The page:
I love road tripping and thus far, my first trip to Mozambique, though fraught with difficulties is my favourite. That is when I caught my first glimpse of the sea.
Who are your heroes in real life?
I don’t have constant ones; one always gets replaced by another as their story fades into the back roads of my experiences. But people, who have managed to look past race, learnt another person’s language, culture, and looked past inherent human failings and frailties and built hate defying relationships, those are my heroes. They have taken the first real step toward Ubuntu.
When and where were you happiest?
There hasn’t been one moment but I will give you two. First, when I look back at my childhood wishing to be young again with no responsibility and realising that even then, life was not without problems but I had the ability to shun the pain that came with that knowledge. And when I met people who understood me and shared my experience of being an anomaly in their respective families and communities.
What’s your biggest vice?
What were you like at school?
Quiet yet strongly opinionated, withdrawn, a bully in later years, naughty, resisted authority, quietly though a teacher’s pet sometimes, resisted being in authority as well. Oh my.
What are you doing next?
After filling this out, watching an episode of Scandal/The Fixer and then to bed I go. I am a night owl.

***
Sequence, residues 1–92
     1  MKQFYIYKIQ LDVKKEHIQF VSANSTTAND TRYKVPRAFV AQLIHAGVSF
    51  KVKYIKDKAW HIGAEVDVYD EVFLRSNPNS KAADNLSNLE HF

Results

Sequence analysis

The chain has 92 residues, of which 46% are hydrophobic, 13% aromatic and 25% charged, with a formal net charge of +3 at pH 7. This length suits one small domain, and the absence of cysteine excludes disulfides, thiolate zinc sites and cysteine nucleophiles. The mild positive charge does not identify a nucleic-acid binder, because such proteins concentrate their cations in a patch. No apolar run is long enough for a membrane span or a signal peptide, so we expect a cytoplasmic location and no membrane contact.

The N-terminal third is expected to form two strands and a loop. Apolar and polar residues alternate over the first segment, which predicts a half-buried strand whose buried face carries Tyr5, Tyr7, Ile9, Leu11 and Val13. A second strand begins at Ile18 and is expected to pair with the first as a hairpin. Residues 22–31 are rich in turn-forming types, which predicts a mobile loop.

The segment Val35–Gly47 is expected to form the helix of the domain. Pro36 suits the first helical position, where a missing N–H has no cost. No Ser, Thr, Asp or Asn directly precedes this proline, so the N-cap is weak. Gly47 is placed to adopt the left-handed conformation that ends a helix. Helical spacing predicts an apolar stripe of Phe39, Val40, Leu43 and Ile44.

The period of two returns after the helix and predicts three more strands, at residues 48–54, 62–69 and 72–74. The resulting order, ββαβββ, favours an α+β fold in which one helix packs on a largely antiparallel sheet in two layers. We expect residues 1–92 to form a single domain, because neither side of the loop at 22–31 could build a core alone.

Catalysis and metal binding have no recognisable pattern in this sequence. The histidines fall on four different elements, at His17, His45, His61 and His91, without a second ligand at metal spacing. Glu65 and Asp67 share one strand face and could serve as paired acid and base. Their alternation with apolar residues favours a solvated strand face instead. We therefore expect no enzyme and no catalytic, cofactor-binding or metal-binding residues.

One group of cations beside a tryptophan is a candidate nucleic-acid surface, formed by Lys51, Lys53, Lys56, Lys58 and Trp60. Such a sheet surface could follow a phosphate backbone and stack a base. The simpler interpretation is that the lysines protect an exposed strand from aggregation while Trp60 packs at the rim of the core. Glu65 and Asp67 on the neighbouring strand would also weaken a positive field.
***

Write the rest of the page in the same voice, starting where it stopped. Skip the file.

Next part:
We were given a copy of a transcript of a telephone conversation between a Harare resident and the COH . . . this was back in 2006 – what’s changed?
Q: What is the update on the water situation in Chisipite?
A: The water level in Greendale is very low.
Q: Well, we all know that, but it’s been ten days. Everyday I phone and everyday you say you are pumping, and that we should have water “tomorrow”.
A: We are pumping, but you will not have water today.
Q: I am told the pumps broke about 6 years ago, but that they are “being fixed”.
A: Yes, but we have only one pump as the ones they are fixing keep tripping
Q: Why don’t you find someone who actually knows how to fix the pump?
A: Yes, that a good point.
Q: I was told two days ago that areas like Marlborough, Hatfield, etc etc had been shut off to pump water to our area.
A: That is correct, but they now those areas have turned back on.
Q: But we still have no water here.
A: That is correct, but we are pumping.
Q: But if you are pumping everyday, even with one pump, why is the level not rising?
A: Because we only have one pump.